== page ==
Standards are essential to ensure consistency and to avoid excess rewriting. Sometimes the chief editor will need to assume the role of writing instructor and educate contributors on what is and what is not effective prose.

Organize your material

After doing your research and brainstorming, decide how you will organize your report. As discussed in a prior chapter, common development patterns include:

· Chronology

· Spatial

· Logical

· Lists

· Problem solving

· Proposed change

· Templates specified by governments and trade associations

Select a relevant title. Add section headings. Include summary, conclusion, and recommendation sections. Use bulleted and numbered lists. Add tables, charts, illustrations, and photos. When appropriate, provide a glossary, list of abbreviations, and list of information sources. For longer reports, add finding aides, such as a table of contents, list of tables, list of figures, and/or index.

Use a minimum number of fonts. Ensure the overall document is neat and consistently formatted.

After you draft your report, during the revision phase, cycle back to check the effectiveness of the development pattern you selected and consider resequencing sections.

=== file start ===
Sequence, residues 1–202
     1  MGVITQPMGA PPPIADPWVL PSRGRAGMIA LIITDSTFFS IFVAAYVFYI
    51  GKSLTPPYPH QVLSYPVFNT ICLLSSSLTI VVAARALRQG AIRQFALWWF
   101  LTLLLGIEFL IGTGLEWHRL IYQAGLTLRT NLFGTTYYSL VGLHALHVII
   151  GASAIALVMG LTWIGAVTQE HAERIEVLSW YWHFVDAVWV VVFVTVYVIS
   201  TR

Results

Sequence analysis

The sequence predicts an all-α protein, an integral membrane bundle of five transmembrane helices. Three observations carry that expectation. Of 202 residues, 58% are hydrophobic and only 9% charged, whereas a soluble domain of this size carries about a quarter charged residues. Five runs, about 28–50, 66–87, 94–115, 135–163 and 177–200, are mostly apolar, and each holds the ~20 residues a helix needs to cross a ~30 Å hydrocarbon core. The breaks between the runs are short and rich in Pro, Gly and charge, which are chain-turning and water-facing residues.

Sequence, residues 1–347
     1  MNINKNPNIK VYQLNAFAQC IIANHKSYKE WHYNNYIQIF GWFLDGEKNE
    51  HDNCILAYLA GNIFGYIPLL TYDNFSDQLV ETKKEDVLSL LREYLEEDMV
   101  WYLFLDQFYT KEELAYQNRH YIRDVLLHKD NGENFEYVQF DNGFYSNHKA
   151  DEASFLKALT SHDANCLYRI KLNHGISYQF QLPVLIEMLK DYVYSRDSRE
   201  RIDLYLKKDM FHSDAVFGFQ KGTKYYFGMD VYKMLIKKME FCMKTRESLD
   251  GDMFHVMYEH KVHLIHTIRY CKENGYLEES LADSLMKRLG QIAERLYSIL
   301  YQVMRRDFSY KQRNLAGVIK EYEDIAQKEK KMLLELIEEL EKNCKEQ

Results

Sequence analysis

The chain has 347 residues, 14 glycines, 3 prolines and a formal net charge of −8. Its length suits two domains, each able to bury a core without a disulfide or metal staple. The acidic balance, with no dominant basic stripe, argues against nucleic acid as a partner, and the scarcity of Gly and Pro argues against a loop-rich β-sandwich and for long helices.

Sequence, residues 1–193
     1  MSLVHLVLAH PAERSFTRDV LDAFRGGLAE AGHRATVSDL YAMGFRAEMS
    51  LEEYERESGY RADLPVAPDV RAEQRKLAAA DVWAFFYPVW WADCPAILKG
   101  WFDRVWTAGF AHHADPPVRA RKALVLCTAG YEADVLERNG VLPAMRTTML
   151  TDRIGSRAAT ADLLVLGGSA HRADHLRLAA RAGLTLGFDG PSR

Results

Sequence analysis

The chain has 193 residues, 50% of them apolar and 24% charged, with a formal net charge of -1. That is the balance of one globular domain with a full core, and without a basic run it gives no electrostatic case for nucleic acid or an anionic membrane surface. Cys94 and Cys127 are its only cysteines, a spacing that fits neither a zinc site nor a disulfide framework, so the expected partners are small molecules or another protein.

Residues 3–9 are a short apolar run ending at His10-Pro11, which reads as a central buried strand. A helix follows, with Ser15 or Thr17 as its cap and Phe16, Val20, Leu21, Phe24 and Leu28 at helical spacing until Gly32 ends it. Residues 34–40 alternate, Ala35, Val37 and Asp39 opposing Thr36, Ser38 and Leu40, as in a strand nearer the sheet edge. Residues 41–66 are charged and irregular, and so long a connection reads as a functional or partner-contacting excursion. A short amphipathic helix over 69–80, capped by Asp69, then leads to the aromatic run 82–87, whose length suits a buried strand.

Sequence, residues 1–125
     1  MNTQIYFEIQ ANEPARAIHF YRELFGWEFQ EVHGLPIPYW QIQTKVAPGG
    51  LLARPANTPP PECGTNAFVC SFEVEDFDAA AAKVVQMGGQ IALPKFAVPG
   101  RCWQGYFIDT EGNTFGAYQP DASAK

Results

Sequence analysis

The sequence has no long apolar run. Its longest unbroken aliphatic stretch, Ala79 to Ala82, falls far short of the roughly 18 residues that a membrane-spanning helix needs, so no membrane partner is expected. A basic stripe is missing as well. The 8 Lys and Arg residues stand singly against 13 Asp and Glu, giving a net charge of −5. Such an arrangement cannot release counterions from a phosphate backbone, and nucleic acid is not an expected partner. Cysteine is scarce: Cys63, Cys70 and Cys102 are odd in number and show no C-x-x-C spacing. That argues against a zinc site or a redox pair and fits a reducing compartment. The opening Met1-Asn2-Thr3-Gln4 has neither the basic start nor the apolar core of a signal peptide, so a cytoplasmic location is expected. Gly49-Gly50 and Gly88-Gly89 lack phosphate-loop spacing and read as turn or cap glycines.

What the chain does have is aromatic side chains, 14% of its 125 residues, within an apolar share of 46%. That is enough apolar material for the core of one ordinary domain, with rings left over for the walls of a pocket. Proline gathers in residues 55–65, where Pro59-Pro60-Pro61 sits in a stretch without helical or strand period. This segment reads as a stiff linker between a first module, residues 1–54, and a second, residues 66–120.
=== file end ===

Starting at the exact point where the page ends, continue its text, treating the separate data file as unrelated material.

When your report is essentially complete, but yet unissued, obtain feedback by submitting a draft to your sponsor or to a sample set of the intended readers to obtain their comments.

Implement revision control

When working on a complex report, add a revision label to the file name and keep different versions. This is especially important when multiple persons edit or review a document. An effective way to do this is to add a revision letter or number to the end of the file name, such as rev C or rev 03. Use letters to indicate revisions prior to formally issuing the document and numbers to revisions that follow the formal release, with the first official issuance being revision 00 or edition 1.

Avoid using the label final as a revision indicator, because 99% of the time what you or others think is the final revision will still require further changes. When this happens, the final revision is no longer final and this can create confusion. For this reason, numbers or letters make superior revision labels.